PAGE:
They are not technically “court” evangelicals, but they are definitely Trump evangelicals. The Harris family is back and they are now a Trump worship band:

Some of you may remember them from 2012:

The Harris’s are an evangelical homeschool family from Tulsa.

Alveda King, the niece of Martin Luther King Jr., seems to like the Harris family. She retweeted this today:

Glad to see Jentezen Franklin acknowledging Juneteenth:

Franklin Graham too:

Tony Perkins is beating the “law and order” drum:

He is also retweeting Secretary of State Mike Pompeo:

Al Mohler has not abandoned the Christian Right playbook in the wake of Gorsuch’s opinion in the recent LCBTQ Civil Rights decision:

Jim Garlow is writing about “biblical principles of economics.” I assume he means the part of the Bible written by Adam Smith:

Charlie Kirk forgot to mention the coronavirus mask designed by his friend and partner, Jerry Falwell Jr., president of Liberty University. But I guess that’s not technically blackface:

Kirk know something about the past, but his historical thinking skills need a lot of work:

Here we go again:

Thomas Kidd, Mark David Hall, Brooke Allen, and Steve Green will participate in a Falkirk Center forum. At least David Barton is not involved.

Robert Jeffress is back on Fox Business. Channel. Apparently Chick-fil-A is taking some heat.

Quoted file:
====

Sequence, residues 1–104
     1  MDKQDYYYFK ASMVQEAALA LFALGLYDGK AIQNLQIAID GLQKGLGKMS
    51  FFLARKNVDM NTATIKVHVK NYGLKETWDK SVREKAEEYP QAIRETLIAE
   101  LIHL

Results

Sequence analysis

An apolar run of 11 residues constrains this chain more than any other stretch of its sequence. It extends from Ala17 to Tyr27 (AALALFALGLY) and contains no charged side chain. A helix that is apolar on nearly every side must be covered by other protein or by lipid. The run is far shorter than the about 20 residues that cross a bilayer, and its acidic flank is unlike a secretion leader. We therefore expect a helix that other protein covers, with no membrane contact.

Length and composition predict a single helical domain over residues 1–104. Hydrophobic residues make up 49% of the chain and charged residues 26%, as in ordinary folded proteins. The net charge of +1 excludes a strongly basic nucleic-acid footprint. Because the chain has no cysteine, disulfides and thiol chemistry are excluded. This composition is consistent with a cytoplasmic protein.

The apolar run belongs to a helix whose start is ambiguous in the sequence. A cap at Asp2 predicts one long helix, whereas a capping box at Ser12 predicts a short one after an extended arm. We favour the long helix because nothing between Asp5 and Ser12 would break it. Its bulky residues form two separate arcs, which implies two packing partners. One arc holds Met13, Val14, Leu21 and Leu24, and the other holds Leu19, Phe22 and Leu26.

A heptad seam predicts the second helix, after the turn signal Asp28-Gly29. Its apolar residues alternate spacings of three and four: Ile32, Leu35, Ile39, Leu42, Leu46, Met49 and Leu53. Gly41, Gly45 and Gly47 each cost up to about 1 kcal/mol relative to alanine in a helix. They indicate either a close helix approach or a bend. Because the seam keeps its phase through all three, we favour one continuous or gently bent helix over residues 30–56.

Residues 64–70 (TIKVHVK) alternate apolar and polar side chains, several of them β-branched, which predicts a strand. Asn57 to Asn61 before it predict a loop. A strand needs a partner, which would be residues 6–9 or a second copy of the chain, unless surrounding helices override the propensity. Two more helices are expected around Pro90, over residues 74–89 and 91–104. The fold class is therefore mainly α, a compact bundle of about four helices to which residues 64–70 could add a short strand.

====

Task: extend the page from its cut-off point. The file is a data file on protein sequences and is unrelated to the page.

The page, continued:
Jeffress thinks that racism will “evaporate overnight” if people just turned to God. Again, he fails to see that the sin of racism is structural–it is deeply embedded in our all of our institutions.  I recall the argument of  James Davison’s Hunter‘s book To Change the World”: The Irony, Tragedy, & Possibility of Christianity in the Late Modern World. In that book, Hunter argues that individual transformation is not the best way to change the world. True change does not happen through some kind of Protestant populism, but rather by the “work of elites: gatekeepers who provide creative direction and management within spheres of social life.” Such change takes generations and it can only “be described in retrospect.” Individual spiritual transformation can bring about good ends, but it does not change the “moral fabric” or “DNA of a civilization.” I think Hunter’s words are an important reminder that the eradication of systemic racism is going to take a long time and a lot of work.

Jeffress also defends the phrase “all lives matter.”

Until next time.